By Professor Peter Oettli
Tour Manager – Calder & Lawson Tours
In my bookshelf there is a small volume about the Marquesas Islands. It is a description of this remote part of French Polynesia as well as a guide for tourists. On one of its pages there is a photograph of a stunning Marquesan beauty standing beside a large ancient stone tiki. A handwritten dedication graces the page. It reads, ‘To Peter. Come back again. Maururu roa. Vai.’ Vaihere gave me her autograph when in May 2007 I went as tour leader with a Calder & Lawson Tours group of travelers to the Marquesas on the Aranui III, the ship that supplies the islands from Tahiti once a month and also takes passengers. Vai was one of the multilingual team of guides on board.
I did come back to these enchanted islands 1,500 km northeast of Tahiti two years later and I am still under their spell. When you think about the Marquesas, don’t imagine low-lying atolls with placid palm-fringed lagoons. Think craggy cliffs rising out of the deep sea, or steep pinnacles of basaltic rock, some of them up to 1,000 metres high, forming the backdrop to villages nestled in shady valleys or sheltered bays along the coast.
I was up early on the day we entered Vaipaee Bay on Ua Huka in the Marquesas Group. The bay is so narrow that it is only a few score metres wider than the length of our ship. Until 1987, the supply ship used to anchor offshore shifting cargo by whaleboat provided the weather played along. It often didn’t!
So in March 1987, Captain Théodore Oputu decided that with care and seamanship it was possible to enter the bay. He anchored just inside the entrance and then, with cables attached to the cliffs by his intrepid Marquesan sailors, swung the ship around 180 degrees and the whaleboats were able to transfer cargo and passengers in calm water to the wharf.
On this morning, more than 20 years later, we repeated the difficult and daring manoeuvre, the Marquesan captain ‘ice-cool’, while the excited passengers walked forward and aft on the side-decks, thrilled by the spectacle. Other spectators included quite a number of wild goats and horses which watched us from the high barren cliffs – barren because these introduced animals had destroyed most of the native vegetation of the island. The population of Ua Huka is approximately 570, but there are more wild horses and goats than humans.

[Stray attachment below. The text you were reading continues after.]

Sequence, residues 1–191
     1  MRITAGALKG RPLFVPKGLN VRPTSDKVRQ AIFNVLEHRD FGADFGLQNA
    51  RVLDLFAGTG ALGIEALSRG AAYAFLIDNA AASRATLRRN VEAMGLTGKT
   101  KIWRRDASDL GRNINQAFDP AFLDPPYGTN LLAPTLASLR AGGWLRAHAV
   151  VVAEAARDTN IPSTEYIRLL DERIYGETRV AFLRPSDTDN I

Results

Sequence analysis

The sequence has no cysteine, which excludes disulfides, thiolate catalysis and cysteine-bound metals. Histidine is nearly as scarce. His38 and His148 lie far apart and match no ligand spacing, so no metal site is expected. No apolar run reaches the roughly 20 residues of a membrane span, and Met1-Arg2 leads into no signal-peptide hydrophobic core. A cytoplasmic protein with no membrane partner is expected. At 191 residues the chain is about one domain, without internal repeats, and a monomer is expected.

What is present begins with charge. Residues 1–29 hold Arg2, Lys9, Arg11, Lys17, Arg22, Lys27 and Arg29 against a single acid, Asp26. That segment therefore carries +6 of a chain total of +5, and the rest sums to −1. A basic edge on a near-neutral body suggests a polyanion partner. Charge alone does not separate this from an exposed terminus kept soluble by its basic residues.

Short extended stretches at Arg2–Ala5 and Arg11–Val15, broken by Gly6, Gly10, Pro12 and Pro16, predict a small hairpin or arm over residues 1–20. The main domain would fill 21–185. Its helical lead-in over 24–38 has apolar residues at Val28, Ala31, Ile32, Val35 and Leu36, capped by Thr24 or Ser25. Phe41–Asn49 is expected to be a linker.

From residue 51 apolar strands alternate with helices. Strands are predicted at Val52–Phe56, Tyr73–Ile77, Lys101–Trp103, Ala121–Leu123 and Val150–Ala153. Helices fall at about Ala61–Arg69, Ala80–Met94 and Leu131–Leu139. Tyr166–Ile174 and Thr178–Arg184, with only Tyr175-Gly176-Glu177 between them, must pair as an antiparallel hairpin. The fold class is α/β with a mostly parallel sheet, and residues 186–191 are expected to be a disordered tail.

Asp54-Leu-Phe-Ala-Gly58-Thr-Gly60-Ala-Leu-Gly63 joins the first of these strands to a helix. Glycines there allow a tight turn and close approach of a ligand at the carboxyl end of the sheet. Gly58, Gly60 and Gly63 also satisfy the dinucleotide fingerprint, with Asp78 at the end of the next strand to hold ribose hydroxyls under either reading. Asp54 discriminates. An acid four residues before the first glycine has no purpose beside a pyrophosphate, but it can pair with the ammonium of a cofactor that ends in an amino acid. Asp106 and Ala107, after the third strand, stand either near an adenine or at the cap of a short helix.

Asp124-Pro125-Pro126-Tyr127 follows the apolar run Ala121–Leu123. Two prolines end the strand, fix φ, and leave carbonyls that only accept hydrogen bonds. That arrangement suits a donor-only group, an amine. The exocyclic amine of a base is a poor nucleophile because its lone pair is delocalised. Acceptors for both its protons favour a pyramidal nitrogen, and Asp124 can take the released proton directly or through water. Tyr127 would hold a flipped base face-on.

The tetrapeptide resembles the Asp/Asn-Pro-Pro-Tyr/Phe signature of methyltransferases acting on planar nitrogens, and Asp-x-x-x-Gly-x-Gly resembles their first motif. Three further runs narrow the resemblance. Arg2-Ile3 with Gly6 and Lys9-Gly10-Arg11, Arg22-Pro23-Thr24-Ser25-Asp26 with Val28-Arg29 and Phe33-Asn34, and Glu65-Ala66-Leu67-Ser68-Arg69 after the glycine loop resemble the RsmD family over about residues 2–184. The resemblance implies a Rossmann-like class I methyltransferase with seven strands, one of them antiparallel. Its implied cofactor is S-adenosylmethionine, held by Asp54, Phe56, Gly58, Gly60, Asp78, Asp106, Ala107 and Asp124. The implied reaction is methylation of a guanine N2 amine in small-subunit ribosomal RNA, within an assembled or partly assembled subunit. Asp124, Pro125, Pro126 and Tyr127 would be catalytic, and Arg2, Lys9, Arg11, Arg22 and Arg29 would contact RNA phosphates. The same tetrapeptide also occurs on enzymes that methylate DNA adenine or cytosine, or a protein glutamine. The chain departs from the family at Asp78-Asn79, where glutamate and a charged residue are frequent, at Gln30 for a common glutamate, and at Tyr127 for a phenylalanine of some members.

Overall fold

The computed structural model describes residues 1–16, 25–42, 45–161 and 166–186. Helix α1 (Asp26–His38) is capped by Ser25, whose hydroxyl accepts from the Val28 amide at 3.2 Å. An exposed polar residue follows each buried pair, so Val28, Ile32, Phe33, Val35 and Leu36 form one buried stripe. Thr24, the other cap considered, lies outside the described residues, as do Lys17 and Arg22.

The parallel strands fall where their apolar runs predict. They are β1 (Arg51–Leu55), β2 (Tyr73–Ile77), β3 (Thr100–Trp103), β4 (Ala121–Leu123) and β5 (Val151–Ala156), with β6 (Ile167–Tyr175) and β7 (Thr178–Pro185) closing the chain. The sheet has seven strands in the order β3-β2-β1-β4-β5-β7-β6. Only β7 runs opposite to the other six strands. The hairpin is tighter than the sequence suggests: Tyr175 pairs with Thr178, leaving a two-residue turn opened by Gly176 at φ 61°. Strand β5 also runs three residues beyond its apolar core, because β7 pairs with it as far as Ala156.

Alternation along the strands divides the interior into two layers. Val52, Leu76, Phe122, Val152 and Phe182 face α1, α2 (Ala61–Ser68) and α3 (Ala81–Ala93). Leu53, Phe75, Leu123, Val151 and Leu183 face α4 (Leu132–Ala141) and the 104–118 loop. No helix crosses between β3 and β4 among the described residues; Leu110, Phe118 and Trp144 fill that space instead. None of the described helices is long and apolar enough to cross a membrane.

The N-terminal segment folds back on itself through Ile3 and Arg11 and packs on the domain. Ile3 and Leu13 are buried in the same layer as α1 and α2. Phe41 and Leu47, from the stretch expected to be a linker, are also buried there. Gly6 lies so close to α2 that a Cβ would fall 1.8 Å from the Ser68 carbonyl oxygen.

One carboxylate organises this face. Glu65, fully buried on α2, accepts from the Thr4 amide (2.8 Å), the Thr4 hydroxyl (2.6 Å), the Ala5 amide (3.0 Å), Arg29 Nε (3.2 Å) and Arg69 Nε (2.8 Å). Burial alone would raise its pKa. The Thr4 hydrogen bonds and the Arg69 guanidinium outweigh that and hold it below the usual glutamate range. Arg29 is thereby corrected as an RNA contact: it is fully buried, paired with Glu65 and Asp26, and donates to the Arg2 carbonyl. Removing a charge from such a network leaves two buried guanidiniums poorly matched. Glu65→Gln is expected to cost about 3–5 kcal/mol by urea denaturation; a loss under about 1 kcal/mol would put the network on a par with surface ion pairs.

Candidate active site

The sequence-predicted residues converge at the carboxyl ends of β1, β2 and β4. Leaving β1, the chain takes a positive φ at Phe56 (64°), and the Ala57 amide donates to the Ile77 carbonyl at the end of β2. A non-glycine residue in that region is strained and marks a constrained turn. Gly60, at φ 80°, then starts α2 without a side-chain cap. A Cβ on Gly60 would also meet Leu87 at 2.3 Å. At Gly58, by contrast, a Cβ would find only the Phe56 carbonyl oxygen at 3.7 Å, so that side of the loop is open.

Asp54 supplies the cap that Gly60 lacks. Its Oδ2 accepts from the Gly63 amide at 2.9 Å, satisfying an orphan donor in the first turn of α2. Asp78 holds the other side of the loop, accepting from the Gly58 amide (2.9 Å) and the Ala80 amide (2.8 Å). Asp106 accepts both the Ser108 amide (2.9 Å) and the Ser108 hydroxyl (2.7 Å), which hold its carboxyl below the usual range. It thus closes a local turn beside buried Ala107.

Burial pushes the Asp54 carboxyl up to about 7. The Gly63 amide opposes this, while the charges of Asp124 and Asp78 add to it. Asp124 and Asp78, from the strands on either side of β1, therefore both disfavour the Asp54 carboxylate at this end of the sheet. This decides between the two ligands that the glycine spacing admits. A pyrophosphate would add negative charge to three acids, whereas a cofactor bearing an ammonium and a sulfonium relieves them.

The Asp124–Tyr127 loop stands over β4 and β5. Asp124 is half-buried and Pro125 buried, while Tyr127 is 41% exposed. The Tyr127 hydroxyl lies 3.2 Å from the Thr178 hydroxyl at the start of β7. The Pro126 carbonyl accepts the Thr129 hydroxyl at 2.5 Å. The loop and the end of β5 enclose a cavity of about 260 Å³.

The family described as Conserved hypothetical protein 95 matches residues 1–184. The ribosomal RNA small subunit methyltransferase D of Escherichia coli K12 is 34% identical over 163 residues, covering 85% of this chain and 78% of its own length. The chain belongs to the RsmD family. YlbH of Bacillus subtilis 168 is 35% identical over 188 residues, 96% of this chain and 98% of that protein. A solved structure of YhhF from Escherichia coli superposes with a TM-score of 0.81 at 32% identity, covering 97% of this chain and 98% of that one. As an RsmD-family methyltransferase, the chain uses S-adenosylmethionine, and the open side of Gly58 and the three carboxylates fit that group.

The programme for the day on Ua Huka had us travel in a convoy of privately owned four-wheel drive vehicles from the wharf to a reception by the enterprising Mayor in the grounds of the museum. This was to be followed by a visit to his pet project, an arboretum designed to restore the former lush vegetation of the island. After this we were going to have lunch in a coastal village of Hane. One of the featured dishes was roast goat.
Our instructions were that on landing we were to look for four-wheel drive vehicles that were decorated with flowers. I ended up in the front seat of one of the flower-bedecked Land rovers. Our driver was a very attractive young woman wearing (post-missionary!) traditional dress. Fortunately I speak some French so we exchanged a few pleasantries on the way to the museum. We drove along a paved road, part of the total of 15km of road on the island. Nevertheless, Ua Huka has the highest number of motor vehicles per head of population in French Polynesia.
Like almost every occasion in the Marquesas, the mayoral reception at the museum involved a dancing display in front of the building. To my surprise, our driver was one of the dancers, extending a most graceful welcome to the small realm where we were to spend barely a day.
After the visit to the arboretum, with its beautiful lush vegetation, we carried on to our lunch stop. On the way, I complimented our guide and dancer on her multitasking skills. ‘I suppose you will also cook our lunch’, I joked (feebly, I admit).
‘Oh no’, she laughed. ‘My grandmother is doing that. – But I shot the goat up in the hills yesterday’.
The goat, by the way, was delicious.